In the November issue of our monthly flagship publication, we feature:

  • On the Record by Chief Investment Officer Tony Roth, where he puts into perspective the current market volatility and discusses what the impending midterm elections could mean for the economy, policies, and portfolios
  • In Focus by Head of Fixed Income Dominic D’Eramo looks at investing in today’s rising rate environment, and examines the anatomy of rising rates, how they intersect with inflation and bond rates, the value of active management, and also presents investing strategies when rates are inching up.
  • Investment positioning, major themes, and asset class positioning updates.

Don’t get me wrong. Market volatility—particularly after the bulls have been stampeding for nearly 10 years—can be unsettling, even to seasoned investors. But experience can help keep emotions in check when those bulls start to buck. After all, it’s hardly our first time at the rodeo, having shepherded client assets through all kind of markets and economies over the decades. So when the CBOE Volatility Index (VIX), which provides a gauge of volatility by measuring pricing in the options market, stepped above 20 in October, we note that this year’s volatility in U.S. equities is not all that extraordinary relative to history. The standard deviation of daily price returns is much higher than 2017 but falls near the middle of the pack since 1957.

The recent volatility over the past few weeks stems from a number of sources. Strong U.S. economic data led Federal Reserve Chair Powell to comment on the “long way” the Fed has to go in raising rates before they will hit “neutral” (the rate estimated to neither stimulate nor restrict the economy). This sent the 10-year Treasury yield above 3.2%, to the highest level since 2011. Higher rates elevated concerns about the negative impact on equities—both from the perspective of rising borrowing costs, as well as “competition” from bonds offering more income. Trade concerns and slowing growth in China are also weighing on investor sentiment globally. We agree that U.S. companies are not immune to repercussions from tariffs, and there is anecdotal evidence that some smaller companies are feeling the impact of higher input costs. But in our view, the market has swung from one extreme to the other and is now extending what is arguably a healthy, normal, well-telegraphed moderation in Chinese growth to all areas of the equity market. Pressures are exacerbated by indices hitting “technical” levels (like 50- or 200-day moving averages) and the subsequent selling by short-term traders, algorithmic trading strategies, and passive vehicles.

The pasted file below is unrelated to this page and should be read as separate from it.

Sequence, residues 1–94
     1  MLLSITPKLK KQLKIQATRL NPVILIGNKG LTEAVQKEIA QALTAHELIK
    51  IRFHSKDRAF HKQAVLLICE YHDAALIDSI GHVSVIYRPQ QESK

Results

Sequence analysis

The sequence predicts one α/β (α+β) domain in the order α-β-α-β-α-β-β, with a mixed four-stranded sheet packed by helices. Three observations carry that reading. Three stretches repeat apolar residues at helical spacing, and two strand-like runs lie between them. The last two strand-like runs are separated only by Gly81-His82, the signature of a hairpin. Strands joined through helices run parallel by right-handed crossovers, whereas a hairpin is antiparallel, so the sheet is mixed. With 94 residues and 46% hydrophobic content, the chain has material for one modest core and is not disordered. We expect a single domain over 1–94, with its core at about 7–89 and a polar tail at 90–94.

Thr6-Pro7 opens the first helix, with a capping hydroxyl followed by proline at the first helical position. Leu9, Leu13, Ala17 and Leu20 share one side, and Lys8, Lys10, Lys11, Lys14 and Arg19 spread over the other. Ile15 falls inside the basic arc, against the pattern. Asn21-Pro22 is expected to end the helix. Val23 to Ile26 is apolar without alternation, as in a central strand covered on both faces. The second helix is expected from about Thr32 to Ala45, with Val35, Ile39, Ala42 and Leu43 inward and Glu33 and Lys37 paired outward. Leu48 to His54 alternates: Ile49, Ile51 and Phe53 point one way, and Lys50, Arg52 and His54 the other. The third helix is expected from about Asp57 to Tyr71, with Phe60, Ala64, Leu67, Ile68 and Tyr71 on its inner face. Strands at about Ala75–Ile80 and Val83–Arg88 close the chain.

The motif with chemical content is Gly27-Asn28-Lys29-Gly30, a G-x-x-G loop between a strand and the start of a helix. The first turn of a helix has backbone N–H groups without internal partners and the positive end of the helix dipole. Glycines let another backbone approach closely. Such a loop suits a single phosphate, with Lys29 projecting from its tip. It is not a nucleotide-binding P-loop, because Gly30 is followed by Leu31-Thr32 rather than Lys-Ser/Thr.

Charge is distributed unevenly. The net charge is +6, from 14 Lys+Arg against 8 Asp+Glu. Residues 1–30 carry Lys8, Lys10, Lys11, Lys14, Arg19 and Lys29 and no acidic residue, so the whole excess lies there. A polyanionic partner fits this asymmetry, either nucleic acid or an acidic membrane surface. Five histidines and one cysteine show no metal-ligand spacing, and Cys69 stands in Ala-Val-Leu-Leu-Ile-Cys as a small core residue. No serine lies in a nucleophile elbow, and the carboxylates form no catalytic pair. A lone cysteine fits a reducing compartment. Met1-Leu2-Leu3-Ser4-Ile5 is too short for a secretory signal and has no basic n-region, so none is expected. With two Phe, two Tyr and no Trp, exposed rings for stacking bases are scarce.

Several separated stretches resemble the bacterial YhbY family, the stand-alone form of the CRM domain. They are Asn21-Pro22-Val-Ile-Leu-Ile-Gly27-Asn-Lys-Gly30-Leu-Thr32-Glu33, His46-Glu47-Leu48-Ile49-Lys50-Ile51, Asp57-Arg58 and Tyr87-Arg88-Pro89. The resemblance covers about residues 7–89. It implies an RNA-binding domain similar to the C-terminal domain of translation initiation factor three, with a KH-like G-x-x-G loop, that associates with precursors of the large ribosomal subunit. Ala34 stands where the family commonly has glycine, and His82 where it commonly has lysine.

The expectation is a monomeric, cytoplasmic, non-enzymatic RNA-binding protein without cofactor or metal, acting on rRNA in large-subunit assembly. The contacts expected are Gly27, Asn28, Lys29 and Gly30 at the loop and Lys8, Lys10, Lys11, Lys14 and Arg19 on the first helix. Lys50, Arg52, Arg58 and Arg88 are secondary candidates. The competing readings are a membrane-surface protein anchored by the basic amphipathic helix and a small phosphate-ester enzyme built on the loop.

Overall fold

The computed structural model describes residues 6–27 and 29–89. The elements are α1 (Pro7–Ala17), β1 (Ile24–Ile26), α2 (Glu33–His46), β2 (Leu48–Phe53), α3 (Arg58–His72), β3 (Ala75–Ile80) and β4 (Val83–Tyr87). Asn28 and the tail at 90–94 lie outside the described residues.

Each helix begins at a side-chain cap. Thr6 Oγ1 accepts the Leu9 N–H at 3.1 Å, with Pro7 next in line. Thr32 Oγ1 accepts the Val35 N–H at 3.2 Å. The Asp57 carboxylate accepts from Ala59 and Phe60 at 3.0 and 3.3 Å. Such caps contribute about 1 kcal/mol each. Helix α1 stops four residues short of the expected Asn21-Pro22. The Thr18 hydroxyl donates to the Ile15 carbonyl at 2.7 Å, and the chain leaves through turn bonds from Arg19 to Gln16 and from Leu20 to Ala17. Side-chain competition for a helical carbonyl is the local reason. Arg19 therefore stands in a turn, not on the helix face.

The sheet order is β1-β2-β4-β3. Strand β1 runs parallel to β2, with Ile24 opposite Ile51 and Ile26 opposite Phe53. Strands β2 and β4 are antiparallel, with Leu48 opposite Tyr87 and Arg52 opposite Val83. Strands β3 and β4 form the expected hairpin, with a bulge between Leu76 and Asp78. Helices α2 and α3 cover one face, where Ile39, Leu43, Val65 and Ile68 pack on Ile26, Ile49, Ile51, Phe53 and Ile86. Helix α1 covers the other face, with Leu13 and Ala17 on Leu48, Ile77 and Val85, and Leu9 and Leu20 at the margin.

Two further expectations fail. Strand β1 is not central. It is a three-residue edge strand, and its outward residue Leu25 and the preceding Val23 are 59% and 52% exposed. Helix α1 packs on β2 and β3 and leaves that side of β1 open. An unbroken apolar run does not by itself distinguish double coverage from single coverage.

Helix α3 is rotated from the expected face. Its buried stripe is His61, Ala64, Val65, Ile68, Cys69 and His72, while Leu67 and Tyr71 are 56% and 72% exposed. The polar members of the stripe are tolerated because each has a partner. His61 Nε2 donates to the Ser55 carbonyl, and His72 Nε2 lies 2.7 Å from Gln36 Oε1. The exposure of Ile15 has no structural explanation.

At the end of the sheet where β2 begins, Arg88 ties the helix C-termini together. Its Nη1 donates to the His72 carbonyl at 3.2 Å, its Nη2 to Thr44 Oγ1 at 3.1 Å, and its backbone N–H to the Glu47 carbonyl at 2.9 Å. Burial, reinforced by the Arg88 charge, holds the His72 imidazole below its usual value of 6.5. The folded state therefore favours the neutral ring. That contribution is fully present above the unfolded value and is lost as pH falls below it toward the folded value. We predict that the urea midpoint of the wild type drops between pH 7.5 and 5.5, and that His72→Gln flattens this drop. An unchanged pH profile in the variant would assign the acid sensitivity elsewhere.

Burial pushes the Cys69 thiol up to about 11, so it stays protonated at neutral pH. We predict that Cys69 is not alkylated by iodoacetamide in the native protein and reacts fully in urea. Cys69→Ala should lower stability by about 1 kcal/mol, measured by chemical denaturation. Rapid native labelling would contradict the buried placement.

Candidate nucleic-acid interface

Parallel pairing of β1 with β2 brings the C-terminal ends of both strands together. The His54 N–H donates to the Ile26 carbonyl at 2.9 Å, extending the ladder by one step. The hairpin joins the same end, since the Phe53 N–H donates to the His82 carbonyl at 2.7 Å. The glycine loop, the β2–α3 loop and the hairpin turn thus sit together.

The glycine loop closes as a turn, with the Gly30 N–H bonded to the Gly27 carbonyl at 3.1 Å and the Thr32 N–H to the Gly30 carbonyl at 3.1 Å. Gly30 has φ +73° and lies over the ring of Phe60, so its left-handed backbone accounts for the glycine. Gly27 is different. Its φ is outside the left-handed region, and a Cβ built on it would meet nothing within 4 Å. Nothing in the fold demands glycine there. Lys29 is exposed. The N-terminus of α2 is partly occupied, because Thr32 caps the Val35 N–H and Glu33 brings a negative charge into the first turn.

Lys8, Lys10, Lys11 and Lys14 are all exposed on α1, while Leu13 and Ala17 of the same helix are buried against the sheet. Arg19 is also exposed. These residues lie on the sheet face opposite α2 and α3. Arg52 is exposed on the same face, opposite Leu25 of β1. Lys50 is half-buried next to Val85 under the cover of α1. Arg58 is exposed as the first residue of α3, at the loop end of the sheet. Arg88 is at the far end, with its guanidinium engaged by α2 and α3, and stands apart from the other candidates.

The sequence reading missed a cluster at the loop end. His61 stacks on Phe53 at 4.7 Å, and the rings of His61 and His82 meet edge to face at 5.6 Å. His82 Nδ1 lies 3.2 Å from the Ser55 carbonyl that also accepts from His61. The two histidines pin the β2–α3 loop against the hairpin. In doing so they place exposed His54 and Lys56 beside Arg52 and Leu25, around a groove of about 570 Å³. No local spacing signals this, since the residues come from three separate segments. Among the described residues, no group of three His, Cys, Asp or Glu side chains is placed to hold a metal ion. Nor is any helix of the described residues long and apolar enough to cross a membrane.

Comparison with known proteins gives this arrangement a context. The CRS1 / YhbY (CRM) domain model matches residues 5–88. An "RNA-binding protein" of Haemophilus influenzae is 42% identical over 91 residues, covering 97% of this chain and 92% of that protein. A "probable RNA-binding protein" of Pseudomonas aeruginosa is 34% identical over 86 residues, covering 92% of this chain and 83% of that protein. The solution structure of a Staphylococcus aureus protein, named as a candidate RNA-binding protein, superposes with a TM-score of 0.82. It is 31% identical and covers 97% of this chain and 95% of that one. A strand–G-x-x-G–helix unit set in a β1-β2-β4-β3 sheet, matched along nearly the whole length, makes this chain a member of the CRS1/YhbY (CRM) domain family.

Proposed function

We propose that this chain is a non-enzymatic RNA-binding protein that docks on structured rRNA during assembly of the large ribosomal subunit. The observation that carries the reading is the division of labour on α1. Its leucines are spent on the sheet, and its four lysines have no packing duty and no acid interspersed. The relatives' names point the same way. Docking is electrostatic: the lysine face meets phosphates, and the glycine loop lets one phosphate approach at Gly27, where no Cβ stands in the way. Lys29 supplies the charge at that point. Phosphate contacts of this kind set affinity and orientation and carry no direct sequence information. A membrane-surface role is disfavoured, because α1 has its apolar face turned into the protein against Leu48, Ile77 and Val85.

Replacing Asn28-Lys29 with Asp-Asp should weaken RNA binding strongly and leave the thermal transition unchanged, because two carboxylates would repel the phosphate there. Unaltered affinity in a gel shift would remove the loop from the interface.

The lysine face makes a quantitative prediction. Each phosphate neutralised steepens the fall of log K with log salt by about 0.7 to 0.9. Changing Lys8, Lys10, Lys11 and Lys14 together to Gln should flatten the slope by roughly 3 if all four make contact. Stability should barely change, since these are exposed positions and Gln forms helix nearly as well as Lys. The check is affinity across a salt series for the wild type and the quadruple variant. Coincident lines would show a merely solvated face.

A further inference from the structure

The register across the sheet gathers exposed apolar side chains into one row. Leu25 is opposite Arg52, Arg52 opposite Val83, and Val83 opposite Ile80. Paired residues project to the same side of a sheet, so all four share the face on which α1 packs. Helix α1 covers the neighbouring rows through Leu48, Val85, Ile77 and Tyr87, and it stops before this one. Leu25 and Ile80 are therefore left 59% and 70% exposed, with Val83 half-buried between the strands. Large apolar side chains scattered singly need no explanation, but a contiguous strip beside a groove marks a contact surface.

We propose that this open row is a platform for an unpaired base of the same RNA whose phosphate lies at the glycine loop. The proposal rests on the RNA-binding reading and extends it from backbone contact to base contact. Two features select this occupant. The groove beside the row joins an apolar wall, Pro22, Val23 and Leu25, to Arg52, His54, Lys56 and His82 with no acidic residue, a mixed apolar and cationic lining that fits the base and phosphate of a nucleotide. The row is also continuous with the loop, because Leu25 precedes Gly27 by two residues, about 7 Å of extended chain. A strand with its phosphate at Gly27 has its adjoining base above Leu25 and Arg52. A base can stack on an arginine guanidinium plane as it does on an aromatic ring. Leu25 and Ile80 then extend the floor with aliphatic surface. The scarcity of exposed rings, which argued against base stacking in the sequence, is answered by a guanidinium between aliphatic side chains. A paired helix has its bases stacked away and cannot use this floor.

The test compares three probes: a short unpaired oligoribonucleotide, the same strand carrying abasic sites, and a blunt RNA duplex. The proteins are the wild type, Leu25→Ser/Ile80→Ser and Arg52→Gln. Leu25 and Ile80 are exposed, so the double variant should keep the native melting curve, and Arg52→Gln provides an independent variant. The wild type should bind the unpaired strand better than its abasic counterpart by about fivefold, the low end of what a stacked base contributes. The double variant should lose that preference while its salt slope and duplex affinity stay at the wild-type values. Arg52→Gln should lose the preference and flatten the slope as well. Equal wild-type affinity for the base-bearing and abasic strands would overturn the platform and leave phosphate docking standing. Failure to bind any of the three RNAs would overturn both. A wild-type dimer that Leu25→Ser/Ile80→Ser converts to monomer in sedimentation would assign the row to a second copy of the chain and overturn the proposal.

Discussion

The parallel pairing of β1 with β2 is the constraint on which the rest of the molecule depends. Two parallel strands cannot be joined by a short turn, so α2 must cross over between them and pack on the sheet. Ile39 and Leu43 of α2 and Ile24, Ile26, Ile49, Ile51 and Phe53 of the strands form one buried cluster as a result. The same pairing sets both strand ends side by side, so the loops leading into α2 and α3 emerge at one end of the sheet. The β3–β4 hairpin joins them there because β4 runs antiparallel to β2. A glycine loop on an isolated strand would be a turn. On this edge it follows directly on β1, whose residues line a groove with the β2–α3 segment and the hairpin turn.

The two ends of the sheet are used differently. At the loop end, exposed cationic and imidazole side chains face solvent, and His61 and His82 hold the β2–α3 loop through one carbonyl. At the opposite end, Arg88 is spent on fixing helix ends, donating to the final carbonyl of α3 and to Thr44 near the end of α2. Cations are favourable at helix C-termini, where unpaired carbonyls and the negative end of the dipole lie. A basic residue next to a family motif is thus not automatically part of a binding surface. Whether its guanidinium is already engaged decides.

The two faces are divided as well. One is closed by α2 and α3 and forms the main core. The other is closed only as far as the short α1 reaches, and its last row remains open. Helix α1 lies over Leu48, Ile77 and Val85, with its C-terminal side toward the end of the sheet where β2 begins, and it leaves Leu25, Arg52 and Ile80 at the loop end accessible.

One of the most dangerous moves an investor can make is to cut and run out of fear. Instead, it is critical to remove emotion from the equation and rely on facts like these…

Please see important disclosures at the end of the article.

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